Fundamental Limits and Efficient Algorithms in Adaptive Crowdsourcing
Time:
4:005:00pm
Abstract:
Adaptive schemes, where tasks are assigned based on the data collected thus far, are
widely used in practical crowdsourcing systems to efficiently allocate the budget.
However, existing theoretical analyses of crowdsourcing systems suggest that the
gain of adaptive task assignments is minimal. To bridge this gap,
we propose a new model for representing practical crowdsourcing systems,
which strictly generalizes the popular DawidSkene model, and
characterize the fundamental tradeoff between budget and accuracy.
We introduce a novel adaptive scheme that matches this fundamental limit.
We introduce new techniques to analyze the
spectral analyses of nonbacktracking operators, using density evolution techniques from coding theory.
BIO:
Sewoong Oh is an Assistant Professor of Industrial and Enterprise Systems Engineering at UIUC. He received his PhD from the department of Electrical Engineering at Stanford University. Following his PhD, he worked as a postdoctoral researcher at Laboratory for Information and Decision Systems (LIDS) at MIT. He was coawarded the Kenneth C. Sevcik outstanding student paper award at the Sigmetrics 2010, the best paper award at the SIGMETRICS 2015, and NSF CAREER award in 2016.

08 Nov 2016
Location: RTH 526

Robert Nowak (UW–Madison) 
Learning Human Preferences and Perceptions From Data
Time:
11:00am12:00pm
Abstract:
Modeling human perception has many applications in cognitive, social, and educational science, as well as in advertising and commerce. This talk discusses theory and methods for learning rankings and embeddings representing perceptions from datasets of human judgments, such as ratings or comparisons. I will briefly describe an ongoing largescale experiment with the New Yorker magazine that deals with ranking cartoon captions using on our nextml.org system. Then I will discuss our recent work on ordinal embedding, also known as nonmetric multidimensional scaling, which is the problem of representing items (e.g., images) as points in a lowdimensional Euclidean space given constraints of the form "item i is closer to item j than item k.” In other words, the goal is to find a geometric representation of data that is faithful to comparative similarity judgments. This classic problem is often used to gauge and visualize perceptual similarities. A variety of algorithms exist for learning metric embeddings from comparison data, but the accuracy and performance of these methods were poorly understood. I will present a new theoretical framework that quantifies the accuracy of learned embeddings and indicates how many comparisons suffice as a function of the number of items and the dimension of the embedding. Furthermore, the theory points to new algorithms that outperform previously proposed methods. I will also describe a few applications of ordinal embedding.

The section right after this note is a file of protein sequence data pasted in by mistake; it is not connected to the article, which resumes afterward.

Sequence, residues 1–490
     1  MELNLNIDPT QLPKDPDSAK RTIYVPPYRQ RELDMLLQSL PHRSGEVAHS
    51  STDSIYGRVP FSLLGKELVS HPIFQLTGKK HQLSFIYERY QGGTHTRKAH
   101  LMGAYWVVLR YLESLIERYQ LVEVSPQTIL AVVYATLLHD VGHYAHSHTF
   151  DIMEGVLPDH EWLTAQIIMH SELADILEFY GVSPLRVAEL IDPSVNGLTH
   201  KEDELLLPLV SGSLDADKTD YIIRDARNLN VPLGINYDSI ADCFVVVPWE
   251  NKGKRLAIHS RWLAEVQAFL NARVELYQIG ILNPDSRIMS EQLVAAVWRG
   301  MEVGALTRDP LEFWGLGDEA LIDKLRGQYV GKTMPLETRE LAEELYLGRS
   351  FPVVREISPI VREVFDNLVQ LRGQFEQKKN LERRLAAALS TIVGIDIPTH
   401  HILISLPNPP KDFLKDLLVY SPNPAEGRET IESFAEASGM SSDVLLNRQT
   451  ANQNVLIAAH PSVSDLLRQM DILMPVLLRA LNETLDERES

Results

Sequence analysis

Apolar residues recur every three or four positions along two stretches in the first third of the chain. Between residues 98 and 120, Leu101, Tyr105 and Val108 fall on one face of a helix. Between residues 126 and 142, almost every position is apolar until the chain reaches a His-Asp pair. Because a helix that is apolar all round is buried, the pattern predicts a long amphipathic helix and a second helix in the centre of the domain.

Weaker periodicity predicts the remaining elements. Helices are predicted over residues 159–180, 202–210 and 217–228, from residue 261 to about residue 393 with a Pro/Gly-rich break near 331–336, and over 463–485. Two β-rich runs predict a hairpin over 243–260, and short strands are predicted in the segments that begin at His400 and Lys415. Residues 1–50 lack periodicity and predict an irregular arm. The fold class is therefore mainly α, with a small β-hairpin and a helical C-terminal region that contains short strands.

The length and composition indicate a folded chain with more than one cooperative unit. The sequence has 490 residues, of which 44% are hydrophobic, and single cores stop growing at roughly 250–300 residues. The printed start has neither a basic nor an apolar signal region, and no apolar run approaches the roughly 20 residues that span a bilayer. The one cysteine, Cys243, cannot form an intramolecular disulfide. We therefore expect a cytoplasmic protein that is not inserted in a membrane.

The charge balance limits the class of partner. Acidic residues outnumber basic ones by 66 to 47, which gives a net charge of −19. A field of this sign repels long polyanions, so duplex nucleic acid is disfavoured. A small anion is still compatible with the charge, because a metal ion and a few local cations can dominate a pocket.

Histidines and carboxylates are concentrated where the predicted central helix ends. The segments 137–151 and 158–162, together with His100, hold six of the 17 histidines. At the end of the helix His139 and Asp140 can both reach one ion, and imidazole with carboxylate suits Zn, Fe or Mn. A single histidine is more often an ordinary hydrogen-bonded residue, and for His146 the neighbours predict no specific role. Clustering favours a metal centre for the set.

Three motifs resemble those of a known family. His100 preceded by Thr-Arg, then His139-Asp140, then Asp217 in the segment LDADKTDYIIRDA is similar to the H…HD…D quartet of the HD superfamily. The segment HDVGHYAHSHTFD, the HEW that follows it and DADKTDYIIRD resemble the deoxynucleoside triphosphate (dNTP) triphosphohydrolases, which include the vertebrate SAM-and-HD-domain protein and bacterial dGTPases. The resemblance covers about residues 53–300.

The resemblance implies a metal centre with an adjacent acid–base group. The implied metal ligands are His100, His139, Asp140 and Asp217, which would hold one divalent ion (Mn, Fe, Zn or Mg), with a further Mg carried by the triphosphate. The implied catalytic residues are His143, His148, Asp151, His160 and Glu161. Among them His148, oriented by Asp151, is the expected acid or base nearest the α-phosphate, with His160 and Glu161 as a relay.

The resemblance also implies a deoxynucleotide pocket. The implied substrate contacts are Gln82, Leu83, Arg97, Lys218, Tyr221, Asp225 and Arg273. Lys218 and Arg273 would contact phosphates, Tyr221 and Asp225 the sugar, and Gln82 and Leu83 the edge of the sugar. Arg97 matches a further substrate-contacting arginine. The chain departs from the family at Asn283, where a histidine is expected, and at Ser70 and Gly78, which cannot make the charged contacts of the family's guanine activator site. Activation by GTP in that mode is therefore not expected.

This joint work with Lalit Jain and Kevin Jamieson.
BIO:
Rob is the McFarlandBascom Professor in Engineering at the University of WisconsinMadison, where his research focuses on signal processing, machine learning, optimization, and statistics. The BeerMapper and NEXT systems are recent applications of his research. Rob is a professor in Electrical and Computer Engineering, as well as being affiliated with the departments of Computer Sciences, Statistics, and Biomedical Engineering at the University of Wisconsin. He is also a Fellow of the IEEE and the Wisconsin Institute for Discovery, a member of the Wisconsin Optimization Research Consortium and Machine Learning @ Wisconsin, and organizer of the SILO seminar series. Rob is also an Adjoint Professor at the Toyota Technological Institute at Chicago.

14 Nov 2016
Location: SGM 123

Hal Daumé III (UMD) 
Learning Language through Interaction
Time:
12:001:00pm
Abstract:
Machine learningbased natural language processing systems are
amazingly effective, when plentiful labeled training data exists for the
task/domain of interest. Unfortunately, for broad coverage (both in task
and domain) language understanding, we're unlikely to ever have
sufficient labeled data, and systems must find some other way to learn.
I'll describe a novel algorithm for learning from interactions, and
several problems of interest, most notably machine simultaneous
interpretation (translation while someone is still speaking). This is
all joint work with some amazing (former) students He He, Alvin Grissom
II, John Morgan, Mohit Iyyer, Sudha Rao and Leonardo Claudino, as well
as colleagues Jordan BoydGraber, KaiWei Chang, John Langford, Akshay
Krishnamurthy, Alekh Agarwal, Stéphane Ross, Alina Beygelzimer and Paul
Mineiro.
BIO: Hal Daumé III is an associate professor in Computer Science at the University of Maryland,